The Oskar Barnack Award is one of the biggest photography competitions dedicated to photojournalism in the world. The first edition took place in 1979 on the 100th birthday of Oskar Barnack – the creator of the Leica camera. Since then the competition has been organised annually. The international jury includes photographers, picture editors and curators of Leica galleries from around the world. The awards were presented during the Rencontres Internationales de la Photographie festival held in Arles, France. Over 1700 photographers from 79 countries participated in this year’s edition and among the finalist there was Polish photographer Tomasz Tomaszewski.
The competition offers also a Leica Oskar Barnack Newcomer Award award for prospective photographers who are aged 25 years and under. The same jury judge both competitions.
Jens Olof Lasthein is the winner of the Oskar Barnack Award 2010 for his series ‘Waiting for the future – pictures from Abkhazia’. His pictures tell the story of the people of the Republic of Abkhazia in the Southern Caucasus.
Although the Republic of Abkhazia has gained its independence after a period of civil war, it is still considered to be a part of Georgia under international law.
This politically complex situation is also reflected in the everyday life of the region. The future of the people there is just as uncertain as that of their home country and it is precisely this uncertainty that Lasthein has captured in his photography, as life in Abkhazia has come to a standstill.
The Cold War years have left their marks on Abkhazia; the future was simply frozen in time. And this is the state in which the region still finds itself today. The political situation not only hinders the reconstruction of the region, but also cuts its inhabitants off from the rest of the world. So the people wait, trapped between despair and the joyful expectation of a happier future. The portfolio shows the desolate reality: the beaches of Sukhum, the capital city, formerly crowded with vacationers from throughout the Soviet Union, are now almost deserted. The ruined houses and overgrown gardens of the small coastal town Ochamchira appear to have been abandoned. And Tkuarchal, the once thriving industrial center, is now a place of devastated factories and high unemployment. Life in Abkhazia has come to a standstill. Any aims, dreams or plans simply shatter due to the lack of opportunities. “For me, it is much more important that my pictures capture visual insights into life in all its facets than to simply record the bare facts. To capture life as far as possible in all its complexity and diversity – so that my pictures tell their own, sweeping and varied stories,” says the photographer, explaining his work.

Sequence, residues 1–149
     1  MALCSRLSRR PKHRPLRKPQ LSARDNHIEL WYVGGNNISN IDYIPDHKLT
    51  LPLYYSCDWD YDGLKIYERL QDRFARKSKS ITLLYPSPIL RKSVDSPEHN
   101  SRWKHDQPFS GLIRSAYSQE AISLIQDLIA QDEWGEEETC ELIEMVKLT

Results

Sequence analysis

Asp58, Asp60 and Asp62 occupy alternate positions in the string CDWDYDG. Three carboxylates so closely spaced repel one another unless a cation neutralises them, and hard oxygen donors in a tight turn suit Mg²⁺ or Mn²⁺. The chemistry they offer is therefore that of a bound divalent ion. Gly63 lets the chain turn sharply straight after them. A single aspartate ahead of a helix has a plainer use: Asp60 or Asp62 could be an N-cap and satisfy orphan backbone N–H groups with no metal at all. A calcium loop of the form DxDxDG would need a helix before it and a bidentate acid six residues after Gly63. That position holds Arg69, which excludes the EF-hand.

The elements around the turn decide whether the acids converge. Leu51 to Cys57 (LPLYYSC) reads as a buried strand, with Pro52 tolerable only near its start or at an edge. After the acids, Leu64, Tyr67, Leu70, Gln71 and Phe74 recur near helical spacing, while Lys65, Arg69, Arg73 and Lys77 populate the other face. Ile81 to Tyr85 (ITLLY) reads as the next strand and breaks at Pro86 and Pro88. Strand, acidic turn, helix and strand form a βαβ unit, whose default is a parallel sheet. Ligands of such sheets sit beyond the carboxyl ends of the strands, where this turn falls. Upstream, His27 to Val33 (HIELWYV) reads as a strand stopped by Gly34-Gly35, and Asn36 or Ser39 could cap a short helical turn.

Jens Olof Lasthein was born in Sweden in 1964 and grew up in Denmark. After graduating from the Nordic Photo School in Stockholm, he initially worked as a freelance photographer for various magazines, mainly in the fields of reportage and portrait photography. His best-known projects include ‘Moments in Between,’ a collection depicting the war in the former Yugoslavia, and ‘White Sea, Black Sea,’ a visual documentary of the countries along the border of Eastern and Western Europe. Jens Olof Lasthein’s works have already been shown at around 40 solo exhibitions in galleries, museums and photographic events throughout Europe and Asia.
Andy Spyra, from Hagen, Germany, is the winner of the ‘Leica Oskar Barnack Newcomer Award 2010.’ His photography project ‘Kashmir’ ranks among his most important long-term projects. For him, the region he visited for the first time in 2007 is one of the world’s most wonderful places. All the more reason for him to lament the unfortunate situation of the people who live there.
The border region of Kashmir is one of the world’s most intensely militarized zones and has suffered from the territorial conflicts between India and Pakistan for many years. Squeezed between two nuclear powers and arch-enemies, it is of course the civilian population of Kashmir that suffers most: women are raped and murdered; men disappear without trace or are arrested at one of the numerous demonstrations against the military presence in the region. The Kashmir conflict has already claimed over 60,000 victims and the entire region is in a state of trauma. Furthermore, it is primarily the conflict within the population that is responsible for further unrest. Many young men who come to Kashmir with the intention of protecting the populace originate from poor, rural regions and are seen as foreigners: they do not speak the language and belong to other cultures and religions. Several political and religious factions exploit this situation for their own purposes. They add fuel to the hate and mistrust within the local populace and form a front against the people they are actually supposed to protect. Spyra’s impressive black-and-white photography draws attention to the fate and suffering of the indigenous population. The intention is clear: viewers of these images not only see the situation in Kashmir, but also experience it on an emotional level and empathize with the local people.
Andy Spyra was born in Hagen in 1984. After taking his university qualification examinations, he worked for a year as a freelance photographer for a local newspaper before he began studying photography in 2007 at the University of Applied Sciences and Arts in Hanover.